top of page

Climate Drives Change in an Arctic Food Web


Climate

Climate-driven changes in sea ice and currents could lead to smaller, less nutritious zooplankton, a new NOAA Fisheries study suggests. These organisms are prey for whales that migrate to the Chukchi Sea to feed. These shifts in zooplankton communities could cascade through the food web to affect other marine life, from forage fish to fish-eating seabirds to bottom-feeding walrus.


An Arctic Hotspot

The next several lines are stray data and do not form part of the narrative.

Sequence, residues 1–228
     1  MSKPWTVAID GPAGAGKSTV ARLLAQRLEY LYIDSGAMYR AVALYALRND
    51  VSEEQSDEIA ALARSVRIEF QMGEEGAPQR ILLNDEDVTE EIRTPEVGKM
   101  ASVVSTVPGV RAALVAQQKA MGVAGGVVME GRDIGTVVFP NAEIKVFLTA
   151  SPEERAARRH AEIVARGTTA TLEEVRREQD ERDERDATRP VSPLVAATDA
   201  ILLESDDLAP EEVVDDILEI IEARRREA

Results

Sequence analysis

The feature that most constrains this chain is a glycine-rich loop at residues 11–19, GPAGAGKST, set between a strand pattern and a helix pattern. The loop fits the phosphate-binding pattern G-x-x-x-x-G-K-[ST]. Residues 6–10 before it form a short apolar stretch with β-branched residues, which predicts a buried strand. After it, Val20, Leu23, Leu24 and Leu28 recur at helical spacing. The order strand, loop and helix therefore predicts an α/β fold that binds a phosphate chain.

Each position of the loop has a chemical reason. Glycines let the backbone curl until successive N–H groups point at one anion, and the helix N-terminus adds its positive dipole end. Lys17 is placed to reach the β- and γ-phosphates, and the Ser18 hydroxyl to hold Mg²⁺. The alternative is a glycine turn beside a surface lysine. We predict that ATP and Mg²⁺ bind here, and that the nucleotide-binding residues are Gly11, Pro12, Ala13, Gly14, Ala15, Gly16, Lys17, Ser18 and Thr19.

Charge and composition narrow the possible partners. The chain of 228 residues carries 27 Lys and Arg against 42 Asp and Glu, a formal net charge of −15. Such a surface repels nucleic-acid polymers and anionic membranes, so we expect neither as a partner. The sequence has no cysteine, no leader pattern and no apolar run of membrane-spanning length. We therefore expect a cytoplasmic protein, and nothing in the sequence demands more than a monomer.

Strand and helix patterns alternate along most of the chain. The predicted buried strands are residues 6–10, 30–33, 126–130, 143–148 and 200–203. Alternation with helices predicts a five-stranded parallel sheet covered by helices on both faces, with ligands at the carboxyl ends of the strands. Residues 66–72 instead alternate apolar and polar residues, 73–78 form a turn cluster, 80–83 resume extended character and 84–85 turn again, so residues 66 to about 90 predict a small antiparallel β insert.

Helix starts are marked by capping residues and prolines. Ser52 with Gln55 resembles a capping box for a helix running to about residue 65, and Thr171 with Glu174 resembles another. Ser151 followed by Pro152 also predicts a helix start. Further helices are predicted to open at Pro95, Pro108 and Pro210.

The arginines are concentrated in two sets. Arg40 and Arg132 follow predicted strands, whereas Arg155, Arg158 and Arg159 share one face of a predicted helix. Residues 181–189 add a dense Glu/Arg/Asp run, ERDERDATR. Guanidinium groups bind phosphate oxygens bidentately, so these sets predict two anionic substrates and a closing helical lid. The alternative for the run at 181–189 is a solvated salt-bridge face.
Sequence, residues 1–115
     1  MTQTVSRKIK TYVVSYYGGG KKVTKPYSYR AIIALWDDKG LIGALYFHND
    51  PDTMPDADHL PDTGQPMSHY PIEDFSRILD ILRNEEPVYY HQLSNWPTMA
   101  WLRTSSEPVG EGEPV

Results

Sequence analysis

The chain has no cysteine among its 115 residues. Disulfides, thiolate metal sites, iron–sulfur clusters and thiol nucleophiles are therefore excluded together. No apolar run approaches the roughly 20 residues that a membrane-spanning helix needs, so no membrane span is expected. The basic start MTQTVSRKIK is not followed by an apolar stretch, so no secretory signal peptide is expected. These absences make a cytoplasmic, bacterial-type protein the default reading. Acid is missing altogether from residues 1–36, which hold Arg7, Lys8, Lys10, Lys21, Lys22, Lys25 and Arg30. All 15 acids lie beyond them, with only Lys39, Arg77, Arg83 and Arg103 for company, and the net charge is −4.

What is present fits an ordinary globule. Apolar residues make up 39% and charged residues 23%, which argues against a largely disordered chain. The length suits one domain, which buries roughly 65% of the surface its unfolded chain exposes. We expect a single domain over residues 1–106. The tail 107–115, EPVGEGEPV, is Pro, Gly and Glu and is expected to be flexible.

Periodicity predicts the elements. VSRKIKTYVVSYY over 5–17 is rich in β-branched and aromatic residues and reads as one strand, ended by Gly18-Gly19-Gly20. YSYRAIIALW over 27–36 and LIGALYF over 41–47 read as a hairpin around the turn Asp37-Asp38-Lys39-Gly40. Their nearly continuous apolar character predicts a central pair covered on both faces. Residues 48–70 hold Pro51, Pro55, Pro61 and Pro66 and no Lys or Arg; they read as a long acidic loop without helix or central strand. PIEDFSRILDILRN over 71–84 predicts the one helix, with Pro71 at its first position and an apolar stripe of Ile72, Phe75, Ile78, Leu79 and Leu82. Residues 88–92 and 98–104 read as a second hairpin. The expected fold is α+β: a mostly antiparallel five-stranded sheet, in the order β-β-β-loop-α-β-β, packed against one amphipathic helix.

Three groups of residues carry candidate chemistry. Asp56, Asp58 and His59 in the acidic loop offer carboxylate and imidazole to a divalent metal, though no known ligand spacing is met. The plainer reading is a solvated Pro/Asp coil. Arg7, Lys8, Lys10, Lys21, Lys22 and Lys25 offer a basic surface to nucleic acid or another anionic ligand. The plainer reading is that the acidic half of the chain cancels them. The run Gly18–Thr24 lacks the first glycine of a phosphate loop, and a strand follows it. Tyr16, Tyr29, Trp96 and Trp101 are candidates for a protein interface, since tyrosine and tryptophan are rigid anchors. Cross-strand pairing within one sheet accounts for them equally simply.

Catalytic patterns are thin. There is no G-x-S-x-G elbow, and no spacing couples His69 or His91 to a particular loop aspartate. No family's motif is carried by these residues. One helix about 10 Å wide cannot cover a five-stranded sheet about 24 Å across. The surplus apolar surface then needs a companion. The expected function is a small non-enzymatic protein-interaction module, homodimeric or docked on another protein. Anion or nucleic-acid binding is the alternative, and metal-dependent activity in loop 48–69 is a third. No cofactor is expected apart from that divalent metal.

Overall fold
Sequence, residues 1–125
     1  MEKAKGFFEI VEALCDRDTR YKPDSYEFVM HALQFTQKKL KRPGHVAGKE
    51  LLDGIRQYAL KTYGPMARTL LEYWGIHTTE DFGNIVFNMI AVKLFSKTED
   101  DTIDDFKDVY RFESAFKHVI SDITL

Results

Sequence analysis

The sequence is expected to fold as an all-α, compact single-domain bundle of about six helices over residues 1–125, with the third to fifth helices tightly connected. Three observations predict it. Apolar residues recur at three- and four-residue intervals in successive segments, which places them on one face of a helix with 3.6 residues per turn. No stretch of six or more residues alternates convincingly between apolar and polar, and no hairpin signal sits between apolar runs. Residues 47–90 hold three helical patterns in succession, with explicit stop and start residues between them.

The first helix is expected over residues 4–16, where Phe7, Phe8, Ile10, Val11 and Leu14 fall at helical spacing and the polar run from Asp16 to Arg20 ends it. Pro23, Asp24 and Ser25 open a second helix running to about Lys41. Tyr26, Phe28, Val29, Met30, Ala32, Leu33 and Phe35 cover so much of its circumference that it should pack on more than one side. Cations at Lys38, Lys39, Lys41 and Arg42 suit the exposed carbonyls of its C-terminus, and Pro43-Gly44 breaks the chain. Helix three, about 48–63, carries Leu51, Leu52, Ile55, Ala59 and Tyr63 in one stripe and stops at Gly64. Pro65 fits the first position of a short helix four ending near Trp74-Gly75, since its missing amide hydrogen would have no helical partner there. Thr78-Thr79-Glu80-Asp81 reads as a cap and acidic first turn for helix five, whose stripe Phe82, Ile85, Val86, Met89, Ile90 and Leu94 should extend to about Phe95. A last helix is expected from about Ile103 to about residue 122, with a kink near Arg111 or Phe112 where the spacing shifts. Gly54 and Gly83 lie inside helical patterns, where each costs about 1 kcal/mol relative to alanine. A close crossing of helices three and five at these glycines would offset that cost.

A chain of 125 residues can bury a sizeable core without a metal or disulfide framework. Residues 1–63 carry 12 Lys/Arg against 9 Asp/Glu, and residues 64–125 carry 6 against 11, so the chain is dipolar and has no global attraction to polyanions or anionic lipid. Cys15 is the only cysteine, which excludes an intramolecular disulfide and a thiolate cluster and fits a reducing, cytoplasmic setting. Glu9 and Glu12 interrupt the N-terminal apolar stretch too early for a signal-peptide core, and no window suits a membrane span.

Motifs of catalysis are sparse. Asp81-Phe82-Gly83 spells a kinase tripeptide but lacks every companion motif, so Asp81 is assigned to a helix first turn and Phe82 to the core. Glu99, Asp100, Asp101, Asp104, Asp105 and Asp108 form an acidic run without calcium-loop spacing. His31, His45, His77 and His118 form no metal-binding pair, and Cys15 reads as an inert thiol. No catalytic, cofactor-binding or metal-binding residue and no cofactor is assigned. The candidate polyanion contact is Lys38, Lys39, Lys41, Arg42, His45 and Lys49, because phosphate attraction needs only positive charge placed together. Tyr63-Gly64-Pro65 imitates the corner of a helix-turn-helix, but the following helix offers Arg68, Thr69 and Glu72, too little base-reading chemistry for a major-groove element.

Zooplankton include small, shrimp-like animals like copepods and krill. Copepods and krill eat algae, and everything from forage fish to whales eats zooplankton.


But not all zooplankton are equal in nutrition. In the Chukchi Sea, Calanus glacialis, a large, energy-rich copepod, is an important food for many animals, including bowhead whales. Twice a year the whales migrate through Chukchi Sea on their way to and from their feeding grounds in the Canadian Beaufort Sea. Some whal